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Covid-19

One of the impacts of the COVID-19 pandemic and the resultant economic ‘deep freeze’ it has resulted in has been a large reduction in harmful emissions.  This reduction while welcome is only temporary.  The challenge is to ensure that investment in our recovery also supports progress to our climate commitments.

COVID-19 will have many implications for Budget 2021.  Not least should be the recognition of the need for a functioning society for all underpinned and supported by a vibrant and sustainable economy.  Last year, New Zealand’s Government launched its first “wellbeing budget”, basing its allocations on wellbeing priorities for its citizens.  Speaking at the launch, the Finance Minister stated: “Success is making New Zealand a great place to make a living and a great place to make a life”.   Could such an approach work for Ireland?  We believe it could, and it seems that the parties discussing the formation of a new Government agree.  Here, we discuss some practical proposals that can be introduced in Budget 2021 that will deliver such a Wellbeing Budget. 

The COVID-19 crisis will impose its heaviest tolls on the most vulnerable, nationally and internationally.  Our recovery must look beyond pure economic growth to a more sustainable society for all.

Social Justice Ireland welcomes the €40 million package of supports for Community and Voluntary Organisations, Charities and Social Enterprises announced by the Minister for Rural and Community Development on the 8th May.  However the funding challenges that the Community and Voluntary Sector has faced since 2008 have never been resolved and will be further exacerbated by the current crisis.  It is essential that Government appropriately resource this sector into the future and that it remains committed to the principle of providing multi-annual statutory funding. 

On Friday, 8th May 2020, the Central Statistics Office (CSO) published the results of its survey on the Social Impact of COVID-19. This, as might be expected, makes for concerning reading.  The self-reported well-being of the population as a result of the COVID-19 crisis was worse than in 2013, at the height of the impact of the 2008 Financial Crash, with just 12.2 per cent reporting a high life satisfaction rating in April 2020, compared to 31.4 per cent in 2013.  The report highlights again the need for a new Social Contract to pave the way for recovery from the impact of COVID-19 and beyond.  The impact of job losses on well-being, social inclusion and financial stress are severe and the changes in consumption, particularly the increases in alcohol and tobacco consumption, indicate a potential personal debt and health crisis that must be tackled if society is to function.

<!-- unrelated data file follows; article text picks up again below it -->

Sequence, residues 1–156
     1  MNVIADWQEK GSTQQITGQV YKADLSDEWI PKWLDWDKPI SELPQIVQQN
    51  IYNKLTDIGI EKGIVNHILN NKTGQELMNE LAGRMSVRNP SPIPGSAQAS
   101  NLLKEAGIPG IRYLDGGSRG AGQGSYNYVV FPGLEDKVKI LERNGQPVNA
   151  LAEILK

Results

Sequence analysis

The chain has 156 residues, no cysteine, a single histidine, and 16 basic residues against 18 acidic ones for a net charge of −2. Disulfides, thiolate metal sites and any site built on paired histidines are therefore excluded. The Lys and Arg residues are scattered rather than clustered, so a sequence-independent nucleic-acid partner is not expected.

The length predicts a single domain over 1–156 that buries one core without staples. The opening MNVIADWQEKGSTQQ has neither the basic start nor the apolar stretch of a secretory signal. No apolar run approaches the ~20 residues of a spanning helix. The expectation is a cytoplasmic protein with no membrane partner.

The full cost to Ireland of the COVID-19 pandemic is as yet unknown.  Our unemployment rate was 16.5 per cent in March 2020 and the Stability Programme Update (SPU) estimates a possible general government deficit of €23 billion this year; and the Exchequer receipts for March 2020 were almost €1 billion lower than March 2019Social Justice Ireland recently published our briefing on policy options for Ireland’s Taxation System post-COVID 19.  Here we explore one option in particular, an increase in Corporation Tax.

To unravel the two-tier welfare system that has been temporarily created as a result of the COVID-19 crisis, and to truly deliver a fair and sustainable economy the new Government should develop a programme to index social welfare rates to the Minimum Essential Standard of Living over a five-year term. 

All plans for recovery from the present crisis must ensure that the economy and society are treated equally and addressed simultaneously.  Analysing the Stability Programme Update (SPU) recently published by Government and reflecting on the commentary on its implications, it is clear that Ireland is in danger of repeating the mistakes of the past.  One of the major lessons to be learned from the crisis of 2008/9 and the subsequent recovery is that giving priority to the economy over all else simply leads to some parts of society doing very well while great swathes are left further and further behind.

It is clear that tax policy will play a vital role both in the immediate Government response to support people and businesses, and in rebuilding our society and economy once the worst of the health impacts are contained.  The new Government has an opportunity to reform and broaden our tax base and lay the foundations to increase our total tax take now to ensure we are well prepared to meet any future shocks.  We have a once in a generation opportunity to build a new society, a new economy and a new country that reflects the lessons we have learned in recent weeks. 

As we navigate through the global crisis caused by COVID-19, it is clear that tax policy will play a vital role both in the immediate Government response to support people and businesses, and in rebuilding our society and economy once the worst of the health impacts are contained.  This policy briefing explores some options available to the new Government that would increase our overall tax take as a proportion of national income,  broaden our tax base, and deliver a tax policy that would support our social and economic recovery and a new Social Contract

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